Mad scientist caricature by J.J. used here under an Attribution-ShareAlike 3.0 Unported (CC BY-SA 3.0) license.
“We're all islands shouting lies to each other across seas of misunderstanding” is an often repeated quote from the novel The Light That Failed by the English writer Rudyard Kipling. One of the areas where humanity experiences vast problems in communication is language, and there are several historical examples where subtleties in the translation from one language to another have created multiple problems. However, there has always been the hope that eventually science and technology will solve the problem of communication across languages as reflected in the universal translator used in the science fiction series Star Trek.
I recently had a wonderful experience. One of my followers on Twitter wrote a comment to one of my articles in her native language. I used Google Translate to reply to her writing in her language, which turned out to be Croatian. Despite the fact that I don’t know this language, we were able to have a simple conversation. Is it possible that we are approaching an era where people will be able to clearly communicate with each other using technology? There are already devices that fit into the ear and interact with smart phones which perform translation in real time, not as well, of course, as the fictional Babel Fish from the Hitchhikers Guide to the Galaxy, but they are improving. Unfortunately, we have a long ways to go.
There are many problems involved in the translation from one language to another including that many words have multiple meanings and that the meaning of a word or phrase can also be influenced by ever changing cultural mores. Programs like Google Translate cannot handle more than simple translations, and certainly not multiple or sequential translations. To illustrate this (and have some fun), I chose the following complex sentence.
We hold these truths to be self-evident: that all men are created equal; that they are endowed by their Creator with certain unalienable rights; that among these are life, liberty, and the pursuit of happiness.
This is a sentence from the Declaration of Independence. It embodies some of the bedrock principles behind the founding of our nation and it has been a source of inspiration for many similar documents around the world that seek to outline some of the basic rights that a human being should have.
I “took” this sentence on what I call the “European Tour”. I used Google Translate to translate this sentence from English to Portuguese, and then Spanish, and then French and so on until I finally translated it to Italian and then back to English. The sequence of translations of the European Tour is outlined below.
English > Portuguese (Portugal) > Spanish (Spain) > French (France) > German (Germany) > Danish (Denmark) > Norwegian (Norway) > Swedish (Sweden) > Finnish (Finland) > Polish (Poland) > Hungarian (Hungary) > Italian (Italy) > English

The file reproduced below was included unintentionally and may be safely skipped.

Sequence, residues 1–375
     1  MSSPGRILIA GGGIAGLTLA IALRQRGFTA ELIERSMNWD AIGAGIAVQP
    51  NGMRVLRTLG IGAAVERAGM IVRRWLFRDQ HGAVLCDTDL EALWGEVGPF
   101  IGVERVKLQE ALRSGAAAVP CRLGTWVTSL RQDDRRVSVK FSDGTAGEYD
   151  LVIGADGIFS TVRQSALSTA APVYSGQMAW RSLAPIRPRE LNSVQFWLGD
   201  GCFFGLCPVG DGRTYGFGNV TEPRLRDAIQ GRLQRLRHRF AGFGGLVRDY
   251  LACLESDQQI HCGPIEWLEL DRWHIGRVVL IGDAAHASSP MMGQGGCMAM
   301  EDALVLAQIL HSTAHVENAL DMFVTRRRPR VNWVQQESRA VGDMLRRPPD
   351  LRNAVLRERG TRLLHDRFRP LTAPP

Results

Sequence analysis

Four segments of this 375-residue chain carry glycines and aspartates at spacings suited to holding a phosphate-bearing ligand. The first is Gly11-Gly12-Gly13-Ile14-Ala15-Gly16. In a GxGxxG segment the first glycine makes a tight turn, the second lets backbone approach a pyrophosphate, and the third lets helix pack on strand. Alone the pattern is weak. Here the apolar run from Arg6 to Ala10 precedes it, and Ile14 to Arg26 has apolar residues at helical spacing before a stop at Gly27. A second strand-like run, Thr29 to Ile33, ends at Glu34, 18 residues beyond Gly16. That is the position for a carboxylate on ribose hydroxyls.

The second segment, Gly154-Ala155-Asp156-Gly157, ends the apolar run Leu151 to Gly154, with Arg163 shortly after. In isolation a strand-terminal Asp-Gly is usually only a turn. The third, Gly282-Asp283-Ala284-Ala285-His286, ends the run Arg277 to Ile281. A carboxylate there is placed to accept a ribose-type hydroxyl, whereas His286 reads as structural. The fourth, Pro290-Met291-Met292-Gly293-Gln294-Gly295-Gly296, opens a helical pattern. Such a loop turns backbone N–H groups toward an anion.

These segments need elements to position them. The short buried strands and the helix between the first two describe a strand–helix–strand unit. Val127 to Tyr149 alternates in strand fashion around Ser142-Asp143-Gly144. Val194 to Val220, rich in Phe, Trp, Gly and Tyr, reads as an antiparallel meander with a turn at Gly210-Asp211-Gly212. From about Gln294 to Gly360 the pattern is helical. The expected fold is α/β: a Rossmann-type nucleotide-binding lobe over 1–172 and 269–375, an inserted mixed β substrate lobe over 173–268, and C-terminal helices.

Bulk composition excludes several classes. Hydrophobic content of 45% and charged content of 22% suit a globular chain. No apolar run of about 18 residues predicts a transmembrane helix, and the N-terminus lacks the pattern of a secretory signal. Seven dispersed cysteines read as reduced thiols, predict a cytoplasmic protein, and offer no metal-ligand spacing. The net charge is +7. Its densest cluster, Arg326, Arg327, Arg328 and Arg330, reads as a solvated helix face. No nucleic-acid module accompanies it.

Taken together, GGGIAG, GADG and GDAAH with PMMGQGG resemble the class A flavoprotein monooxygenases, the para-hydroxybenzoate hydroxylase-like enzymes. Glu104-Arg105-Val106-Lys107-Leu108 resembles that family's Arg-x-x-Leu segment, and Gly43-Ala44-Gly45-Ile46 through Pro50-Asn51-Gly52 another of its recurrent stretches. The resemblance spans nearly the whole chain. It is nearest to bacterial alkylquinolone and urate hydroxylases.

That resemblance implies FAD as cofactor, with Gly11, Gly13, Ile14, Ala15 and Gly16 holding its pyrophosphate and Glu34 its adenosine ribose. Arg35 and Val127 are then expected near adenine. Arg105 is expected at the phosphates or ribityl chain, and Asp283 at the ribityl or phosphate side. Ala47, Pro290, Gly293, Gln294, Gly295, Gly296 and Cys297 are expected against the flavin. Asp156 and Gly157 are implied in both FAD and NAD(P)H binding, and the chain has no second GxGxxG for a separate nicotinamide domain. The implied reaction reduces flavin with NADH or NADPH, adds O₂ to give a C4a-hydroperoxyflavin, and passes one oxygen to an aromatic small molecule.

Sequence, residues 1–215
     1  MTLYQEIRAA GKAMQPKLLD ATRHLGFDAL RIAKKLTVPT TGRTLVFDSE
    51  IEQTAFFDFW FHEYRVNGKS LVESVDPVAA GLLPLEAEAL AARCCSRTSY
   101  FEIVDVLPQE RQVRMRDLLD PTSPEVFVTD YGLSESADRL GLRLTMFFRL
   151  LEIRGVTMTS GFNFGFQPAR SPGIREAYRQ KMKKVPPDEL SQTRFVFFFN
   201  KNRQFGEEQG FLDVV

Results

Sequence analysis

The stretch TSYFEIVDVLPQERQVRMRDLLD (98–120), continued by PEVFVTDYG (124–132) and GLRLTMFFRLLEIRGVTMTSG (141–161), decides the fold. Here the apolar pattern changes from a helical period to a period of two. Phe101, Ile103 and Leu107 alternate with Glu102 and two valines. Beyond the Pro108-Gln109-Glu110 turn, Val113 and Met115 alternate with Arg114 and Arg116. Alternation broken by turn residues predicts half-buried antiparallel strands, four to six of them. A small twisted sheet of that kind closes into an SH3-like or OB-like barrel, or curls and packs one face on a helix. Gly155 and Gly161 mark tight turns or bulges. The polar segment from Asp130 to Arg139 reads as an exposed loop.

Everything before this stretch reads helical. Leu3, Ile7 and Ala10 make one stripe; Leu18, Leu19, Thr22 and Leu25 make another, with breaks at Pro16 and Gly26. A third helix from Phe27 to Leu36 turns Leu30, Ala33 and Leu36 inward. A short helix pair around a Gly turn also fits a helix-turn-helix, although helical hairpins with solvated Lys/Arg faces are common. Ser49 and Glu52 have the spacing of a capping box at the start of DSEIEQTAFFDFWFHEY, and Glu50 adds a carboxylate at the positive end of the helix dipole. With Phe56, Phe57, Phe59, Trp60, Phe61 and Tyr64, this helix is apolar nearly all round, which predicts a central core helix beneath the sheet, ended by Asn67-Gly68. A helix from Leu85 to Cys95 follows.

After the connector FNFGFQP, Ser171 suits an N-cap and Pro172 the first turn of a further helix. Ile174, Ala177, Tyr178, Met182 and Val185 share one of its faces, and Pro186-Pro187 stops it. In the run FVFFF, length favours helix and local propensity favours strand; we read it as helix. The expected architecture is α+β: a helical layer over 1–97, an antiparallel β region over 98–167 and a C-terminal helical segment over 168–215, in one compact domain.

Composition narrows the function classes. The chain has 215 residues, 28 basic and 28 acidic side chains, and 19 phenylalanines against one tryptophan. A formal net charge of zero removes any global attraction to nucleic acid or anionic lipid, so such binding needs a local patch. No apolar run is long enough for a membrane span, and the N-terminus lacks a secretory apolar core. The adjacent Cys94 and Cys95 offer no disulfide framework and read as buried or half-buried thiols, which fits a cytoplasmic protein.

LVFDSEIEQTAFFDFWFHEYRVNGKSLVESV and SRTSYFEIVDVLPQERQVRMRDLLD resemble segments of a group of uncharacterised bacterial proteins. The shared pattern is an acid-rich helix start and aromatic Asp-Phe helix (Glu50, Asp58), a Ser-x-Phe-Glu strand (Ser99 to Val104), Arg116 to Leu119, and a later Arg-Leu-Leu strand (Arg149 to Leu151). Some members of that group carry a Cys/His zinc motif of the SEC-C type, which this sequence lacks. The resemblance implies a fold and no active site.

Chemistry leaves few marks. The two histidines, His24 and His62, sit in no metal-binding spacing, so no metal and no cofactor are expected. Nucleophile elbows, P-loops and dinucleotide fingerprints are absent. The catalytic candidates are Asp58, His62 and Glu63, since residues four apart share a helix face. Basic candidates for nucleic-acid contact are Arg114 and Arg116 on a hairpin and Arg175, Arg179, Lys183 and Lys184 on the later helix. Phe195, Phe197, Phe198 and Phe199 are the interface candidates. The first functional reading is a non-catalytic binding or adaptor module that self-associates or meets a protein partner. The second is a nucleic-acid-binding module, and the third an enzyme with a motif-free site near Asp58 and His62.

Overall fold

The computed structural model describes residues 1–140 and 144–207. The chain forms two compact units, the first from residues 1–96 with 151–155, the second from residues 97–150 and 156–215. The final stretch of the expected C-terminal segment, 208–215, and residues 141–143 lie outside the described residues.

So what did I obtain when I translated the sentence back to English? I got this:
These truths are equally obvious: every man is the same. that the Creator is endowed with these abandoned rights. Reaching their lives, their freedom and happiness.
As you can read, there are a few changes, most remarkable among them that it is the creator who has these rights which are characterized as “abandoned”.
Next, I decided to do the European Tour in reverse, in other words: English to Italian and ending in Portuguese and back to English. I got this.
We believe that these truths are clear: all men are equal, the Creator has certain unacceptable rights; These include the pursuit of life, freedom and happiness.
The creator still has rights, but they are deemed “unacceptable”. The next thing I tried is what I call the “Asian Tour” which involved the following sequence of translations:
English > Turkish (Turkey) > Arabic (Saudi Arabia) > Persian (Iran) > Hindi (India) > Thai (Thailand) > Malay (Malaysia) > Vietnamese (Vietnam) > Chinese (China) > Japanese (Japan) > Russian (Russia) > English
I obtained the following:
We will show this data. Everyone is equal. They have certain rights that the creator does not have. I'm looking for life, liberty and happiness.
So now, in data to be shown, we seem to have rights that even the creator doesn’t have.
The Asian Tour in reverse (English to Russian ending in Turkish and back to English) yields the following:
Of course, we accept the truth: everyone is similar. Manufacturers offer a special classification. This includes the search for life, freedom and happiness.
Now the search for life, freedom, and happiness is a special classification among several offered by manufacturers!
So what happens if we perform the European Tour first, followed by the Asian Tour (begin with Portuguese, go from Italian to Turkish, and end with Russian)?
The facts are clear. All are the same. The creator of this body has been removed. You gain life, independence, happiness.
This one blew me away! The creator has been vanished, and as a result of that we have gained life, independence, and happiness!
And in reverse (begin with Russian and end with Portuguese):
Of course we accept the truth: they are all identical. Manufacturers offer special qualities. It requires that you seek life, freedom and happiness.
The manufacturers are back but this time offering special qualities. However, it seems to imply that to gain access to them you need to seek life, freedom, and happiness.
Clearly it will be a while before technology can overcome worldwide challenges in communicating complex ideas across many languages without human input.
The above sentence was going to be the last sentence of this post, but just for one last spot of fun mocking the flawed technology, I decided to put the above sentence through the combined European and Asian Tours, and I got this:
Of course, without human intervention, technology can overcome global challenges and express complex ideas in different languages.
OK, that was creepy!
Babelfish image by Anna-Maria Oléhn was modified from the original and used here under an Attribution 2.0 Generic (CC BY 2.0) license.